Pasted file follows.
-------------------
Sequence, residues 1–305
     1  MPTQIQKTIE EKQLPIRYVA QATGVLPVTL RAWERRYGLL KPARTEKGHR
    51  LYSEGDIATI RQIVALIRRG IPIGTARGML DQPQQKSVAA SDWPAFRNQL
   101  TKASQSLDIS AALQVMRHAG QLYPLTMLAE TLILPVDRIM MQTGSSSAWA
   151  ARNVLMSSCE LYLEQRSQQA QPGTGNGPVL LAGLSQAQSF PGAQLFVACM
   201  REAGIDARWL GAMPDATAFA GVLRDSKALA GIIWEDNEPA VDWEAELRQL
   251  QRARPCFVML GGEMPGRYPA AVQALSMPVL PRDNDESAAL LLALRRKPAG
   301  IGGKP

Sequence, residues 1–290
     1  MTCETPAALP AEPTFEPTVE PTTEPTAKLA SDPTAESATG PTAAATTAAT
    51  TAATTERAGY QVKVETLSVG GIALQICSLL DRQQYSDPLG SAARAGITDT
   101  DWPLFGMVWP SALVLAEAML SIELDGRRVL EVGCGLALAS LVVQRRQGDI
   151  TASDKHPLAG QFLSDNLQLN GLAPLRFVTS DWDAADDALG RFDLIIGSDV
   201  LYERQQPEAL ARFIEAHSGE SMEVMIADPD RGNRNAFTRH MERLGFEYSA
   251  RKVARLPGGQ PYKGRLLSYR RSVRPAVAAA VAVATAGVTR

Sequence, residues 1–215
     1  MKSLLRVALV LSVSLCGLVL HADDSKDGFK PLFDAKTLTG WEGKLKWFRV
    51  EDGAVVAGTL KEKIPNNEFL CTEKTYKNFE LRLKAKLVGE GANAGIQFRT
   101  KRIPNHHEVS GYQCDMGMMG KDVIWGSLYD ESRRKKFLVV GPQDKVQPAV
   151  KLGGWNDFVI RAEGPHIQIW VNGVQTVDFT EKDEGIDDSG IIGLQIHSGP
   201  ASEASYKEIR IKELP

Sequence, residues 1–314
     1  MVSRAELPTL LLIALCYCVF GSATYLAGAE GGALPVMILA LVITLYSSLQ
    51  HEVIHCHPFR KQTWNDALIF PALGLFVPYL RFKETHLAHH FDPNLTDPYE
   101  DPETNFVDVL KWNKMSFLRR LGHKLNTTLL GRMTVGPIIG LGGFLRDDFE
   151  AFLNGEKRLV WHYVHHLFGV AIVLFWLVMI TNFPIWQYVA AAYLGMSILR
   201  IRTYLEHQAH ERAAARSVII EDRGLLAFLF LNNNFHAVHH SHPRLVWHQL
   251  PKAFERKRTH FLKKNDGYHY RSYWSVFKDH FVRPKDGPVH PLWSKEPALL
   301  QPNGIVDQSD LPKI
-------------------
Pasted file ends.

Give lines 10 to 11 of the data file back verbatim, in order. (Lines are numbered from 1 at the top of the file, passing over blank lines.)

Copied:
     1  MTCETPAALP AEPTFEPTVE PTTEPTAKLA SDPTAESATG PTAAATTAAT
    51  TAATTERAGY QVKVETLSVG GIALQICSLL DRQQYSDPLG SAARAGITDT